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Monday, March 15, 2010

Hot Rod Typewriter



About a year ago I stumbled upon a rather plain looking Olympia SM5 typewriter. I love the Olympia SM machines. The early models epitomize the style of the 50s with smooth lines and plenty of chrome. This one was a 1964 model. The chrome was all there, but years of neglect had dulled its shine. The paint, originally a glossy cream color but had become yellowed with several decades worth of nicotine. I cleaned it up as best as I could, but even so, it would never a prizewinner.


So, once again I found myself stripping a machine down and sending parts off to Troy for painting.  I wondered when I would see the parts again.  Troy does great work, but I never know how long it's going to take.  It's not that he is really slow, he runs a professional shop he can't afford to be slow.  But he has to wait until he gets enough left over paint of a color and shade that will look good and sometimes that can take a while. 

In the mean time I am left with this:
And a few odd parts that would have to be bagged up till it was time to put the whole thing together.  The chrome trim was particularly nerve wracking to remove.  It was made from thin chromed steel strips.  There are several metal tabs that are folded over to hold it in place.  Chrome plating can often make steel brittle so I had to be very careful to bend these bits carefully otherwise there might be very little to hold them in place once I put it all together again.  And I would have to be very careful storing them.  Two gremlins I have referred to in my other blog (http://typeslugger.blogspot.com/2009/03/trying-to-get-some-work-done.html) would be very much attracted to the bright shiney objects.  I used a magnet to keep all the loose screws and other bits in the bag.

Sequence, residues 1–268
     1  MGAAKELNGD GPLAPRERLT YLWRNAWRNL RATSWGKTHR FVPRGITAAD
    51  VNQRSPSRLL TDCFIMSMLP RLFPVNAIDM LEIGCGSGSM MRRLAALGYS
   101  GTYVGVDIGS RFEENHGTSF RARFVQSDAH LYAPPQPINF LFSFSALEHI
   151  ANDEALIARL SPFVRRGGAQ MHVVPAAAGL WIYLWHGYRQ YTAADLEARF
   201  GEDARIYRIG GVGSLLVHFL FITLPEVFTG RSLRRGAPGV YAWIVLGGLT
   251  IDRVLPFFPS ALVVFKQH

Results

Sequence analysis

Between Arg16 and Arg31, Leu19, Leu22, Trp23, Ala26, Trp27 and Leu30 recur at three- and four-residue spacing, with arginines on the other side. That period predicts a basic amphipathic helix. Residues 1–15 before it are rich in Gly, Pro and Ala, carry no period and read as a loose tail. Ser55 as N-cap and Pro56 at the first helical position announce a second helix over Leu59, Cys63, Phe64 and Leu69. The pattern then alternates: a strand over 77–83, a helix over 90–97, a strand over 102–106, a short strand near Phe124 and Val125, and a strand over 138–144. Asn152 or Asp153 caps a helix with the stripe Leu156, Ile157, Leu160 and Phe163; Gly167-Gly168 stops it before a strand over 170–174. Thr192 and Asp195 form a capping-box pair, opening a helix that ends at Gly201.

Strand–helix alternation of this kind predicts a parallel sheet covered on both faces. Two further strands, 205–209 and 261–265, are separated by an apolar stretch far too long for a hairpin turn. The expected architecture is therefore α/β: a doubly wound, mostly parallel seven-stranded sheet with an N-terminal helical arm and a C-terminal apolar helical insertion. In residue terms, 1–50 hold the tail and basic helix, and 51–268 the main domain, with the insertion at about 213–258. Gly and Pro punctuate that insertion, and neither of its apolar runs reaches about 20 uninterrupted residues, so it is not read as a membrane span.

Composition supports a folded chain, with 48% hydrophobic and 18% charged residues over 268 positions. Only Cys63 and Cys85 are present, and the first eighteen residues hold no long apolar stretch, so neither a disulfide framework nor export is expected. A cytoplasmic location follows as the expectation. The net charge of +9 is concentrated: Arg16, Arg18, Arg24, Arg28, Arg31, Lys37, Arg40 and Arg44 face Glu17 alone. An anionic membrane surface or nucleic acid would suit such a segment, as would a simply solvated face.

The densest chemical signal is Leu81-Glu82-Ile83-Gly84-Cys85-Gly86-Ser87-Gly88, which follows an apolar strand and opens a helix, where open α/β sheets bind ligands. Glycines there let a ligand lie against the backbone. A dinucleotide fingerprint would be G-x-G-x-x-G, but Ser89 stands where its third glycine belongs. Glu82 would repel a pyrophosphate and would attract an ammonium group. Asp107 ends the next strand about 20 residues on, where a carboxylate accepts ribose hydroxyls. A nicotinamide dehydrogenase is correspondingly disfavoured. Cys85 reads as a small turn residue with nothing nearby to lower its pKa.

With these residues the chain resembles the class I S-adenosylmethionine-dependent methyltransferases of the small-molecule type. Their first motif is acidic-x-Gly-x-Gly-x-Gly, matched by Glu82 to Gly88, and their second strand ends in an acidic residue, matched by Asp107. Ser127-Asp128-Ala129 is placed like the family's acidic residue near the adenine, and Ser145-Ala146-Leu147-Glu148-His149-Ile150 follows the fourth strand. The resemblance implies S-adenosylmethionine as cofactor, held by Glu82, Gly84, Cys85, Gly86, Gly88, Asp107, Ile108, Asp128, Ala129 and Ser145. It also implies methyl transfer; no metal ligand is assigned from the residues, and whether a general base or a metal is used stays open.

Fast forward to three weeks ago.  I walk into my wife's office to see that the parts had finally arrived.  Eight months later. 



For those of you familiar with this machine you might already have noticed that there is a part missing.  The paper feed tray and paper table.  This part was left in Troy's truck for about three weeks.  As you might imagine my patience was by this time wearing pretty thin.  This is really a bit of an understatement, but I will refrain from further comment as I really don't want to risk losing his painting services.  I will say that it was worth the wait. 

Yesterday I got the last peice I spent the evening carefully putting the Olympia together.  The chrome trim went on easier than I expected and I am proud to say that I did not scratch or chip the paint at all in the process.  

It still needs a final cleaning, but it looks fantastic. 

2 comments:

  1. YOWZA! That's absolutely gorgeous! For sale?

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  2. Sorry, but it has already sold. Did not get as much for it as I would have a few months ago, when everyone was going gaga over machines in exotic colors. But I did get a good price.

    ReplyDelete